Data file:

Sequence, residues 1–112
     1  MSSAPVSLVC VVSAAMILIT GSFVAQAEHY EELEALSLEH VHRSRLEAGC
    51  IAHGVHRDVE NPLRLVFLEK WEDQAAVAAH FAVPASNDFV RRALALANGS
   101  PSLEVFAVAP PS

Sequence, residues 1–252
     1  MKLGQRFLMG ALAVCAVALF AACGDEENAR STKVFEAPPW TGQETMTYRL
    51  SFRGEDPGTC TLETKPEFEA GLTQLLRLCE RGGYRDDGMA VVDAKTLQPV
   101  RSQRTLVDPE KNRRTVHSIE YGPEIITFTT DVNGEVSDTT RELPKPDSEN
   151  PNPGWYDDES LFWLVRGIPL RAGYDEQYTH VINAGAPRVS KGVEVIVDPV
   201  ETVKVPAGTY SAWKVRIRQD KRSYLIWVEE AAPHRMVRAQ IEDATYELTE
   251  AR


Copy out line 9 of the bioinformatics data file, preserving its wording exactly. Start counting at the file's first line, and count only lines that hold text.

   151  PNPGWYDDES LFWLVRGIPL RAGYDEQYTH VINAGAPRVS KGVEVIVDPV